The Verbally Abusive Relationship

Book Review: The Verbally Abusive Relationship: How to recognize it and how to respond, by Patricia Evans

When working with clients, I attempt to empower them and included in this, I provide them resources. One resource that I often suggest to clients is reading, The Verbally Abusive Relationship: How to recognize it and how to respond, by Patricia Evans. I wanted to share some of her concepts here because so many of the clients I work with have first hand experience with verbally abusive relationships.

Over the years, while in private practice and working within a number of agencies, many individuals have walked into my office seeking help and support after leaving an abusive marriage or relationship, attempting to heal after years of childhood abuse and/or wanting to learn how not to recreate an abusive relationship from the past. It is also common to begin working with a client, and through our work together, my client realizes that they are in an abusive relationship. Many people are unable to recognize verbal abuse when it is happening to them every day.

Why is it so hard to recognize abuse?

1. Mostly, verbal abuse is secretive. Usually only the partner of the abuser hears it.

2. Verbal abuse becomes more intense over time. The partner becomes used to it and adapted to it.

3. Verbal abuse takes many forms and disguises.

4. Verbal abuse consistently discounts the partner’s perception of the abuse. (Evans, p. 23)

Are you experiencing verbal abuse in a relationship?

Here is an evaluation to help you determine if you are experiencing verbal abuse in a relationship. Please note that this author uses “he” and “him” in the questionnaire and in the book. Evans recognizes that both men and women are in abusive relationships and speaks directly concerning her pronoun choices in her book. Please change the pronouns when necessary.

1. He seems irritated or angry with you several times a week or more although you hadn’t meant to upset them. You are surprised each time. (He says he’s not mad when you ask him what he’s mad about, or tells you in some way that it’s your fault.)

2. When you feel hurt and try to discuss your upset feelings with him, you don’t feel as if the issue has been fully resolved, so you don’t feel happy and relieved, nor do you have a feeling that you’ve “kissed and made up.” (He says, “You’re just trying to start an argument!” or in some other way expresses his refusal to discuss the situation.)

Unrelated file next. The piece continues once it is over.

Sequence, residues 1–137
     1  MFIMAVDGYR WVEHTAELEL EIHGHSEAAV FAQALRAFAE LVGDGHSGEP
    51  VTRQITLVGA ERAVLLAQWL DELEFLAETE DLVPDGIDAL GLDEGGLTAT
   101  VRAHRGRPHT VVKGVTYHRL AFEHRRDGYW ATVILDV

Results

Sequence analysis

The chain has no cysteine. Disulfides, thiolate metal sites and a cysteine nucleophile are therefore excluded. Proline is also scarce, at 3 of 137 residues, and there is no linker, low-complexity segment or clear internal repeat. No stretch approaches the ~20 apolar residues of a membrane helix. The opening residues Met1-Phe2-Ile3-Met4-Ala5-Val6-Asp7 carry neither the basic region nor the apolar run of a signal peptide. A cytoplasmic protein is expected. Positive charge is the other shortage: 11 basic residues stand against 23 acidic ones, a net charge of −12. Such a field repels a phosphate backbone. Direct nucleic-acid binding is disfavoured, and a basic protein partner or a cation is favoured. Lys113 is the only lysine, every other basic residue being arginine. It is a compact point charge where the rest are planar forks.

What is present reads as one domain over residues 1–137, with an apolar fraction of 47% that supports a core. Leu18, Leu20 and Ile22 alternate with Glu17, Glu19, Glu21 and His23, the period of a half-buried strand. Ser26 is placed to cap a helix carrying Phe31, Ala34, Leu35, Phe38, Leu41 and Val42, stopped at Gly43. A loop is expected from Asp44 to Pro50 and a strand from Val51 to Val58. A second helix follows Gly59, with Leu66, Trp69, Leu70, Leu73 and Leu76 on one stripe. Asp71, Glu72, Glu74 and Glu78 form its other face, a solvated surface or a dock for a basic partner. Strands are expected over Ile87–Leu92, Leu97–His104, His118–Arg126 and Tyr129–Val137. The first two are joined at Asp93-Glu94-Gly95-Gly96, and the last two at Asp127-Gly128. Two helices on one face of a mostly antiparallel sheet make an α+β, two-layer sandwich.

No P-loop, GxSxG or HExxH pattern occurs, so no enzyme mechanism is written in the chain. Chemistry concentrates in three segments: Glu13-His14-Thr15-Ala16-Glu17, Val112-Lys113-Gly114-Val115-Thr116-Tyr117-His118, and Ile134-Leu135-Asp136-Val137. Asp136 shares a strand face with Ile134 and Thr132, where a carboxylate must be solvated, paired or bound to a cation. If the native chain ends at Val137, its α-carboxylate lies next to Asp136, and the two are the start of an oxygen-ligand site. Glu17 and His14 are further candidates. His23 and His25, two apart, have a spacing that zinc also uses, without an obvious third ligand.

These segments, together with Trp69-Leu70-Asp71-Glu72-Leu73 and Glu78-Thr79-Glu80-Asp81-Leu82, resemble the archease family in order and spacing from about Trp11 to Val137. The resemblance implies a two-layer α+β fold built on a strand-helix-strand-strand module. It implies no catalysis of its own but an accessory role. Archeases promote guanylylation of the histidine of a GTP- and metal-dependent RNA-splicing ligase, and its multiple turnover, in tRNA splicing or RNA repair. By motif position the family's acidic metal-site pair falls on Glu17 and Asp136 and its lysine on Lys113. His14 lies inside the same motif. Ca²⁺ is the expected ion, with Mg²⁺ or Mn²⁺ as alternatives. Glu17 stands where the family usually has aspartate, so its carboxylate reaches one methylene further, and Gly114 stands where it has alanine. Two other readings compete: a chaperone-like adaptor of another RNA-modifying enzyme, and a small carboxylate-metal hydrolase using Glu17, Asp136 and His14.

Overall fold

3. You frequently feel perplexed and frustrated by his responses because you can’t get him to understand your intentions.

4. You are upset not so much about concrete issues-how much time to spend with each other, where to go on vacation, etc.-as about the communication in the relationship: what he thinks you said and what you heard him say.

5. You sometimes wonder, “What’s wrong with me?  I shouldn’t feel so bad.”

6. He rarely, if ever, seems to want to share his thoughts or plans with you.

7. He seems to take the opposite view from you on almost everything you mention, and his view is not qualified by “I think” or “I believe” or “I feel”- as if your view were wrong and his were right

8. You sometimes wonder if he perceives you as a separate person

9. You can’t recall saying to him, “Cut it out!” or, “Stop it!”

10. He is either angry or has “no idea of what you’re talking about” when you try to discuss an issue with him.  (Evans, p. 24)

If you have agreed with two or more of these statements, this book will support you in recognizing verbal abuse.  The following is a list of basic rights that all are allowed to have in a relationship.  Notice if you have all of these rights in your current relationship. 

 Basic Rights in a Relationship:

1. The right to goodwill from the other.

2. The right to emotional support.

3. The right to be heard by the other and to be responded to with courtesy.

4. The right to have your own view, even if your mate has a different view.

5. The right to have your feelings and experience acknowledged as real.

6. The right to receive a sincere apology for any jokes you find offensive.

7. The right to clear and informative answers to questions that concern what is legitimately your business.

8. The right to live free from accusation and blame.

9. The right to live free from criticism and judgment.

10. The right to have your work and your interests spoken of with respect.

11. The right to encouragement.

12. The right to live free from emotional and physical abuse.

13. The right to live free from angry outbursts and rage.

14. The right to be called by no name that devalues you.

15. The right to be respectfully asked rather than ordered. (Evans, p.122)

How do I get help?

For anyone who may be just waking up to the abusive relationship they are in or seeking support and healing from past abuse, I always say to my clients that everything is workable.  I believe it and have seen it in my office. It is when a person is given time and space, the ability to transform one’s life is possible.  I have been fortunate enough to be able to witness this transformation many times and I would encourage you to seek help and support.

Source: Evans, p., (1992). The Verbally Abusive Relationship: How to recognize it and how to respond. Adams Media, Canada. 

Website: Go to Patricia Evans website for more information

Order Book: Go to Amazon

Resources: For more books and resources on trauma and abuse, click HERE

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